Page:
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SQM expects lithium prices to jump 50% before year-end

SQM’s evaporation pools in Chile’s Atacama Desert. (Image courtesy of SQM.)

SQM (NYSE: SQM), the world’s second largest lithium miner, expects average prices for the battery metal to rise close to 50% in the last three months of the year from the previous quarter, as strong demand for the key ingredient to make electric vehicle batteries continues to put pressure on the market.

The Chilean miner is certainly benefitting from the market squeeze. Reporting third-quarter results, the miner said net profits for the period were about $106 million compared to $1.7 million last year, while revenues totalled $661.6 million, an increase of 46% from the third quarter of 2020.

A sharp tightening of the market for lithium has seen a benchmark index more than double in 2021 and prices in China hit records. With little or no inventory in the system right now and demand set to more than triple by 2025, buyers are snapping up all the lithium they can. 

SQM, and no. 1 lithium producer Albemarle (NYSE: ALB), have fast-tracked their expansion plans this year and have been evaluating new opportunities

“We are already producing at a rate higher than 120,000 metric tonnes per year,” chief executive officer Ricardo Ramos said in the statement. He added  the firm continued to work towards its newly set production targets of 180,000 tonnes of lithium carbonate and 30,000 tonnes of lithium hydroxide in Chile by the end of 2022.

The Santiago-based company said the jump in profits was not exclusively driven by ultra-light battery metal, as sales in its iodine, specialty plant nutrition and potassium business lines also soared in the period.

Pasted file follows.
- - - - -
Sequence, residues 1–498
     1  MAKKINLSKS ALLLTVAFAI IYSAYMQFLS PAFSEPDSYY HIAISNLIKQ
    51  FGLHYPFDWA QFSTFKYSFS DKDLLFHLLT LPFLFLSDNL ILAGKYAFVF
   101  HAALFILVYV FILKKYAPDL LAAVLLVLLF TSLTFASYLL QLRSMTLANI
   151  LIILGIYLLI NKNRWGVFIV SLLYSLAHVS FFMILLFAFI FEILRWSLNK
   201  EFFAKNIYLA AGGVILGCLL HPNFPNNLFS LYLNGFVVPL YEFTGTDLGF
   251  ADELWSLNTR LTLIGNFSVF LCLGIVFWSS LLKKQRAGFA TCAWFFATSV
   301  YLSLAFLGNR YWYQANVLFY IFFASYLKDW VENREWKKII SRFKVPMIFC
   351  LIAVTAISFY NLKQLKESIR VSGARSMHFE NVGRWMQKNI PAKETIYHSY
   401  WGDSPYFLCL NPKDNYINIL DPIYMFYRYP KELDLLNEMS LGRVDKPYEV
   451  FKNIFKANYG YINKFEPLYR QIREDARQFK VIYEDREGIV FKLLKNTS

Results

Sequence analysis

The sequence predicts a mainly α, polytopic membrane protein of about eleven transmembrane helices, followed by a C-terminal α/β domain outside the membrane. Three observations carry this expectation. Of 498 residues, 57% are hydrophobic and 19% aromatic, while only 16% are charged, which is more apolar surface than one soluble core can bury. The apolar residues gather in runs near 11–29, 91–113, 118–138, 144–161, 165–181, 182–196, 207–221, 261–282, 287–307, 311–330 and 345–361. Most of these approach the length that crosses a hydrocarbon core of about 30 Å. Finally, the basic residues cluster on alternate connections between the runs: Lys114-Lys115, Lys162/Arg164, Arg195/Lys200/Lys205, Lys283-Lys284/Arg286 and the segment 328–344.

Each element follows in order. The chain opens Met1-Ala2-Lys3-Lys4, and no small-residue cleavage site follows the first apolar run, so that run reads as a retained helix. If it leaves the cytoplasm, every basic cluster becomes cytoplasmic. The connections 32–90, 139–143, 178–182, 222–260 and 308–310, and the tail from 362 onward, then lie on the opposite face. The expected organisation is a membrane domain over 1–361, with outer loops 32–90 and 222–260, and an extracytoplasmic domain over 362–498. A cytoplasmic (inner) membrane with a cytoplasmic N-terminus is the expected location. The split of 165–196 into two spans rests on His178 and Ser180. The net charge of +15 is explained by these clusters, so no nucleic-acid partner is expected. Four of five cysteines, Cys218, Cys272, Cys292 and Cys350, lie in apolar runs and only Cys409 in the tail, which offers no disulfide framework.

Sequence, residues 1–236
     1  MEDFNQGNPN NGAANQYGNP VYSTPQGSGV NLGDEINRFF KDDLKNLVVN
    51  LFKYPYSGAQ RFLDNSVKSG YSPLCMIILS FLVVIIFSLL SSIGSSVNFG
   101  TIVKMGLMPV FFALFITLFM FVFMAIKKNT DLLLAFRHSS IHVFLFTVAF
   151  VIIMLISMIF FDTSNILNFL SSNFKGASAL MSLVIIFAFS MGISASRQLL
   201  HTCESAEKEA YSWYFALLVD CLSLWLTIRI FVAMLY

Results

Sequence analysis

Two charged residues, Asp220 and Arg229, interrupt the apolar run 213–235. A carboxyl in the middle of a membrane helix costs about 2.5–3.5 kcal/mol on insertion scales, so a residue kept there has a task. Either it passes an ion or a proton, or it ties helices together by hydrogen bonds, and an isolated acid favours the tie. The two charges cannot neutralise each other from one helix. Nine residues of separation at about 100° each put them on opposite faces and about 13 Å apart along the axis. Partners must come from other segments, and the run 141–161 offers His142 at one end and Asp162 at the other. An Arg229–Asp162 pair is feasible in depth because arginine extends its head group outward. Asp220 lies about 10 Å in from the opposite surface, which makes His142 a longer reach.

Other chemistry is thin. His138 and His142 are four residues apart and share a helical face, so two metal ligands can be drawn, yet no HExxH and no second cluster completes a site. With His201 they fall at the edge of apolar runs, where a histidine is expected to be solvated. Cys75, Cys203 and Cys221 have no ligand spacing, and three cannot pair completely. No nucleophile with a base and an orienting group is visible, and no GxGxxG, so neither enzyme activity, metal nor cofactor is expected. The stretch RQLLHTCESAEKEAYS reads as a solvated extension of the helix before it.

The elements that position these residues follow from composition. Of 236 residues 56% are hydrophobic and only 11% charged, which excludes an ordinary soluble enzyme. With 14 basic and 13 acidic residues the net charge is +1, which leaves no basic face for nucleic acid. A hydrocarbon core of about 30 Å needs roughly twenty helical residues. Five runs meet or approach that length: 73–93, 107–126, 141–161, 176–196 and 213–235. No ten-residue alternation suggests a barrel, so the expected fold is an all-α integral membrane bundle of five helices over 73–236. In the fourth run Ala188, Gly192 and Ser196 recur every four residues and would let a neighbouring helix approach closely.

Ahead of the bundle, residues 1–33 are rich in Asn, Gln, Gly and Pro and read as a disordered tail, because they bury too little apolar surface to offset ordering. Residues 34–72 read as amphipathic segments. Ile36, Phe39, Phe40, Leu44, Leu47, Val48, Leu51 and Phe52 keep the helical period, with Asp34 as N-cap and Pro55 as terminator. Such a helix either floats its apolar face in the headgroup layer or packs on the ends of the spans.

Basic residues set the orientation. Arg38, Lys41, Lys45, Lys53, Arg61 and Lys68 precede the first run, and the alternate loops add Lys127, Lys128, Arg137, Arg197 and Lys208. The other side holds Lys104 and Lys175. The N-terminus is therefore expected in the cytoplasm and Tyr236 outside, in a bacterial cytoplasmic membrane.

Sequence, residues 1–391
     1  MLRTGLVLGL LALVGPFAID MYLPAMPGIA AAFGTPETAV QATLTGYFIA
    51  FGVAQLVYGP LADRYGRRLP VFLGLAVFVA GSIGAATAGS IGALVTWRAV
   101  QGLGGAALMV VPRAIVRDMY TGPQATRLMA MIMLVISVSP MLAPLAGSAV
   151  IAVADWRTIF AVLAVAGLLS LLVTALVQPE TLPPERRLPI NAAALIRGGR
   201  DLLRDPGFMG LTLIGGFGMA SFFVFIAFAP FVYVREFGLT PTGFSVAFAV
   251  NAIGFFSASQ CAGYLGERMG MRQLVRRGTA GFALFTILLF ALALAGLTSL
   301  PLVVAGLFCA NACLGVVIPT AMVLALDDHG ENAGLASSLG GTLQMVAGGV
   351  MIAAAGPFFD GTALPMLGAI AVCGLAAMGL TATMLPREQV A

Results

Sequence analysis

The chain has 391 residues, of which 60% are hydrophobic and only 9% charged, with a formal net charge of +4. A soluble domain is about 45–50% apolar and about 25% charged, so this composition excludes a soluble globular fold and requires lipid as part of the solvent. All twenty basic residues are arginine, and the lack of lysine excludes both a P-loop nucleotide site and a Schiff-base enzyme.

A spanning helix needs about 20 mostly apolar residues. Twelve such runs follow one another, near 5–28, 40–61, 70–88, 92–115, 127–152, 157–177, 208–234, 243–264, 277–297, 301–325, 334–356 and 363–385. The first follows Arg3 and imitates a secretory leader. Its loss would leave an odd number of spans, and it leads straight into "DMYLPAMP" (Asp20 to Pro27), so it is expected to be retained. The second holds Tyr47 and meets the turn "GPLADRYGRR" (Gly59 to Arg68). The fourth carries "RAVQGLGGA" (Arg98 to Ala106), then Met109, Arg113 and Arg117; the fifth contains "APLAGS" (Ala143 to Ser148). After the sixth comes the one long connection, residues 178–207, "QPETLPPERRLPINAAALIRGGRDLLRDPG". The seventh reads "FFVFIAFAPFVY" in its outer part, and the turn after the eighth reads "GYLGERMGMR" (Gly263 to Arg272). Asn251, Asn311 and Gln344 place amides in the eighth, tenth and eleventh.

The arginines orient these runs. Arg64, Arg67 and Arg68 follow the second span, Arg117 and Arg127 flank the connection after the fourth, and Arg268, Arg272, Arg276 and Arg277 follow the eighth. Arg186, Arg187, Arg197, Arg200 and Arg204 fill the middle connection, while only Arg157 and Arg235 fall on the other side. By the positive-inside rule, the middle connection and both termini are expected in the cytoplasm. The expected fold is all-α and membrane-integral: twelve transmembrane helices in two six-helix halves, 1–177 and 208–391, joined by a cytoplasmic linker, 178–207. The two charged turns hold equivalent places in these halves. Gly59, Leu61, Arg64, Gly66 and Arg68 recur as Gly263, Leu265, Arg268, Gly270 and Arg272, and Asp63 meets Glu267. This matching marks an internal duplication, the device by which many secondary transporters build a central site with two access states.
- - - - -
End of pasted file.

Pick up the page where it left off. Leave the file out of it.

Sales volumes this year could get close to 100,000 tonnes, higher than earlier expected, Ramos said. He added that positive trends in each of the markets in which SQM participates, along with the expiration of the legacy lithium contracts, will likely translate into record-level results in the fourth quarter of this year.

Chile, already the world’s top copper producer, was until 2018  the world’s top lithium producer, when it lost its crown to Australia.

To avoid losing further market share — China is projected to take the second position by the end of the decade — the country announced in October an upcoming tender for the exploration and production of 400,000 tonnes of lithium.

Companies that secure permits will have seven years, extendable for another two, to explore and develop projects, followed by 20 years of production, the Mining Ministry has said. 

White ambition

The country currently generates about 29% of the world supply, but it plans to double production by 2025 to about 250,000 tonnes of lithium carbonate equivalent (LCE).  

Global demand for the metal, according to Chile’s projections, will quadruple by 2030, reaching 1.8 million tonnes of lithium. Available supply by then is expected to sit at 1.5 million tonnes. 

Chile’s Atacama region supplies nearly one-quarter of the globe’s lithium.

Automakers, Indigenous communities and activists, however, have increasingly raised concerns in recent years about the environmental impact of lithium production in the arid region, home to the world’s driest desert.